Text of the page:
One evening last week, I actually ended up in a pub in Westport having a drink with some friends. This is highly unusual for me. Mostly, I’m at home, on the couch or here on the computer, tapping away.
I don’t really do pubs or even (heaven help us) friends very much anymore. So, yeah, this was unusual and very very nice.
The conversation turned to Social Media and there was some interest from the four people there about how long I have been using Twitter and how, once upon a time, it had been quite an integral part of my life.
One of the people was one of those type of people who we all know, a great guy but somebody with no interest or understanding whatsoever about the meaning or value of any Social Media of any description. I can understand this completely, if I'd never got into them, I don't think I would understand them either. Hell, I probably still don't. Anyway, faced with this online disdain, I nimbly sashayed into my default 'Peter the Apostle' position and started to actively deny the depth of my own acquaintance with Facebook and Twitter.
“I hardly ever…”
“Doesn’t really matter to me…”
“Never heard of ‘im guv’nor.”
That type of thing.
It’s hard to defend Social Media usage to non-believers. It's so much easier to play it down and get back to the news of the day as smoothly as possible.
As Jack Nicholson said in ‘Terms of Endearment’, “I was that close to a clean getaway,” when one final question was dropped in.
“What do you do on Twitter.”
“I mean, what do you actually do?”
I thought about it a bit before I answered.
“I don’t do a quarter of what I used to do, that’s for sure. Mostly I just read people’s tweets, I say one or two things myself, and I reply to things here and there. Oh, and I say ‘Goodnight’. That’s the thing I do most these days.”
The rather terse silence that followed told me that I had probably revealed a little too much for comfort.
“Say goodnight, yeah.”
Now that I’d said it a second time, I realised with even greater clarity how stupid it sounded.
“How… how does that work?”
How it works is like this;
I rarely tweet or do Facebook stuff from my phone. Generally I do these things late in the evenings when I’m on my computer at home. I enjoy leaving both windows open and peeping in from time to time to see what people are saying and doing. Sometime after midnight, when I’m turning my computer off for the night, I tend to send a tweet that says ‘G’night’ then I go to bed. I’ve been doing it for a while. There’s no great intent or logic to it.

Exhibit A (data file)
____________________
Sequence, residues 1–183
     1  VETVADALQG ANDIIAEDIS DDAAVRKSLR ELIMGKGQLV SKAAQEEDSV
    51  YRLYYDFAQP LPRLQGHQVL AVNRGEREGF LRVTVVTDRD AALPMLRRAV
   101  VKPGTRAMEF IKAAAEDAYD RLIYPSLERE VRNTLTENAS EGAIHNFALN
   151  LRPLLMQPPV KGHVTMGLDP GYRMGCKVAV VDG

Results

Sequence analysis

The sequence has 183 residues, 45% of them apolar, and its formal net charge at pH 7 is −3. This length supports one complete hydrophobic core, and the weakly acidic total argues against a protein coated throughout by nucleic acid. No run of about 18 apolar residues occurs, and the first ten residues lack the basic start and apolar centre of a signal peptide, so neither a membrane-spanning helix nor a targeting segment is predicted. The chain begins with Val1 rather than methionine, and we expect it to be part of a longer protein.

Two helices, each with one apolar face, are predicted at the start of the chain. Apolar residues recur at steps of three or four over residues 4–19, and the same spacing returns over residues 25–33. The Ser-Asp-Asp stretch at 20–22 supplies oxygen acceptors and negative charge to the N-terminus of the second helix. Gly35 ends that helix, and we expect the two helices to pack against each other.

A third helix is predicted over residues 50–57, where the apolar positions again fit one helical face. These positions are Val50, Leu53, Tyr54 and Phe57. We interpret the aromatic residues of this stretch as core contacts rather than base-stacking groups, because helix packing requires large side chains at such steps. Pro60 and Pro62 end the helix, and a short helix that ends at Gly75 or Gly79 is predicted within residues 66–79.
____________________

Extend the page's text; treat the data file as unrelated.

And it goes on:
What keeps me doing it, night after night, is that some people, somewhere, usually says goodnight back. Not very many, it’s not a deluge of goodnight wishes. Often it’s two or three people. Sometimes it’s only one. Occasionally, but not too often, it’s nobody at all. That’s okay. People are busy. People are asleep.
What also keeps me doing it, is the reaction of some people when I have neglected to do it for a while and then suddenly come back to it. People who I really don’t know much about have expressed pleasure that I have started to do it again after the hiatus.
Not a lot of people will get this reference and certainly even less will care but, when I say it like that, ‘G’night’, I am channelling somebody from my tellybox. For more years than I can count, the American TV Show ‘Survivor’ has been a constant family viewing pleasure. At the end of each ‘Tribal Council’, near the end of the show, Jeff, the presenter, says ‘G’night’ to the participants as they grab their symbolic torches and head off into the dark and back to their camp. So that’s why I say it that way; ‘G’night’.
It’s nothing, really, this 'G'night' thing, it’s just another tiny connection to the wide world.
But, oddly enough, it’s become a bigger thing as it’s gone on and on. There’s only one reason for this. All the other aspects of Twitter have got that much smaller. There were times when I would tweet an awful lot more than I do now. There seemed to be a loose cohort of people who would casually interact and subtly give support and a sort of virtual companionship. Doubtless these cohorts still exist all over Twitter but I think when you’ve been a part of one and it eventually fades (as they always inevitably will) it is hard to find another to match it.
So my Twitter has become a lesser thing in my life than it used to be. That’s no harm. I miss certain people and I miss chatting casually to them but there are other people and they are precious too. I guess I’ve just moved on a bit and I think that’s a good thing. So, where once, a simple ‘G’night’ was a tiny element of an often alarming flow of tweets, it may now comprise 50% or even sometimes the entirety of my day’s contributions to the medium.
So I’ll keep doing it, for now at least, and I’ll keep smiling whenever a night-time wish drifts back to me from across the ether. And (a small confession) some nights, when no reply materialises, I may sit for a little longer than is seemly to see if one might come in.
We are all odd, in our way.
We may as well embrace it.